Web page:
Suit lapels: which, when and where

14 July 2016

Suit lapels: which, when and where

It’s the smaller details you never see until they’re pointed out to you, and then you notice them all the time. When was the last time you gave consideration to your suit lapels? Are you looking down as you read this? Now that we have your attention, there are broadly three type of lapels, and each has its own variations and application. While you mightn’t think a lapel has a great bearing on a blazer, in fact it affects greatly its construction. And lapels have a beautiful tailoring heritage that has continued today. Here’s how.

The most common lapel is the notch, or step collar if you’re from the United Kingdom. To identify it easily, you’ll see a triangle missing from the diamond shape the collar forms. This style of lapel dates back to the early Regency Period, when collars would button all the way to the neck. Back then it meant the wearer was protected from the wind and the elements, whereas now it has more a decorative function. Most versatile of all the lapels, it tends to be worn in the corporate world, but that’s not to say  you can’t wear it to other functions. Worn wide it looks great with double-breasted suits and single-breasted suits with large pinstripes, worn narrow it's best with slim-cut jackets for slight-built gents.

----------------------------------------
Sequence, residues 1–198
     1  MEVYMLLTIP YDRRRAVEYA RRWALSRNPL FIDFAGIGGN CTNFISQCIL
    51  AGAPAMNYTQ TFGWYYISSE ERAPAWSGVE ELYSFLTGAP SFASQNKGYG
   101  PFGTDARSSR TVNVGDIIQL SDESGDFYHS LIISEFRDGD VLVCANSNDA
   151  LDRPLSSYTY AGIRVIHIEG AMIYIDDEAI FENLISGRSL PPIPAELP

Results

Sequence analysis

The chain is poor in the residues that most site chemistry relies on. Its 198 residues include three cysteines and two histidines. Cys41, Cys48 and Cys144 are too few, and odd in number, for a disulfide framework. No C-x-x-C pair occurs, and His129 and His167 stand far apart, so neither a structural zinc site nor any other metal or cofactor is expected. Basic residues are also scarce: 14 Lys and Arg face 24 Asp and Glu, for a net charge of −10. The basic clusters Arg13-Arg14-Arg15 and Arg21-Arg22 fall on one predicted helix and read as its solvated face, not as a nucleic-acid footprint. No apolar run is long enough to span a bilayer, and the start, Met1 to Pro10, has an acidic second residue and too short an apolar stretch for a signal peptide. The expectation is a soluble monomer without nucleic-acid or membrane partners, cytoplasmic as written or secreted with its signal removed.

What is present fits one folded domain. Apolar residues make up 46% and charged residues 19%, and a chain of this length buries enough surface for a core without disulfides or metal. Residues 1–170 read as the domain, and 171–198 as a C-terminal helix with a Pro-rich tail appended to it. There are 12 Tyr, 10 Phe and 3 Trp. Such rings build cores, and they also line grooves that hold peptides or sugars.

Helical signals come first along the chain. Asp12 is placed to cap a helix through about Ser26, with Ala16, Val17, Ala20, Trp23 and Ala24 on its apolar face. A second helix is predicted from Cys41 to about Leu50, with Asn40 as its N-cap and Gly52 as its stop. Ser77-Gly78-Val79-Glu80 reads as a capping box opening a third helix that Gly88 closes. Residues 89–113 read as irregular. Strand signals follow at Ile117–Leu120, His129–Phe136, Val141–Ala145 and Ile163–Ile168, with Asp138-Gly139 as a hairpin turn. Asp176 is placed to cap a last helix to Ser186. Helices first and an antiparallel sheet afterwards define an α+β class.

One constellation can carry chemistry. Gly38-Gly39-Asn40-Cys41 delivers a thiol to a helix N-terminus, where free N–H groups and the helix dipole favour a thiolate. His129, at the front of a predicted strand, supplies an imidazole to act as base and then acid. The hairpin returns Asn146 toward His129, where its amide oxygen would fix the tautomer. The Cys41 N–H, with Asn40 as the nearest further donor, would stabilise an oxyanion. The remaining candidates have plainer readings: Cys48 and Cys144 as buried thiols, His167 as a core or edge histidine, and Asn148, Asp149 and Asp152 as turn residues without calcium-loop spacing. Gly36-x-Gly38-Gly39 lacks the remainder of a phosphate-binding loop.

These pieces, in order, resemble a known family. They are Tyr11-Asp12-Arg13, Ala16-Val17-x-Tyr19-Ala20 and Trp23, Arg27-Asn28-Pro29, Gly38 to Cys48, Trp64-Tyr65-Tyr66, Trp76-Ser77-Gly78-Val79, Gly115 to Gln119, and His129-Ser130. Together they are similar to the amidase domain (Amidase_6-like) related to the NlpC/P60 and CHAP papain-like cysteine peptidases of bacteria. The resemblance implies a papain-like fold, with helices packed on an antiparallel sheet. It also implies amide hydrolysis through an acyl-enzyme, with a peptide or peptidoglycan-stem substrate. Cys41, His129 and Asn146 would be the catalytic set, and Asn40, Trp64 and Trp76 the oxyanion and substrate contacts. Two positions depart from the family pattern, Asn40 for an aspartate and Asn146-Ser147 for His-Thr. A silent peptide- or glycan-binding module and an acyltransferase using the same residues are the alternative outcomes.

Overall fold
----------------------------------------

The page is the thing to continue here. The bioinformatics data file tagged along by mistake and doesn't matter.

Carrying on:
A peak lapel (or wingtip or pointed, as it is sometimes known) has a bit more sartorial flair. It accentuates the shoulders and makes more of a statement. The most formal of the lapels, you’ll find it on morning and evening tailcoats, single and double-breasted tuxedos and also throughout daywear. With a double-breasted suit it looks its most meticulous, but it’s also popular on single-breasted blazers. In fact, a single-breasted peak lapel is one of the hardest things to achieve properly in tailoring, even by the most experienced tailors.

Shawl or roll collars are also perfect for evening affairs. You’ll find one on dinner jackets and variations thereof. A shawl collar is characterised by its rounded shape, which drew its inspiration from Victorian smoking jackets. They’ve recently resurfaced as a popular evening choice—this style comes and goes out of fashion. But if you’re a stylish gentleman always, a shawl collar is perfect for kicking it at home with a cognac and a cigar, when receiving visitors in your slippers.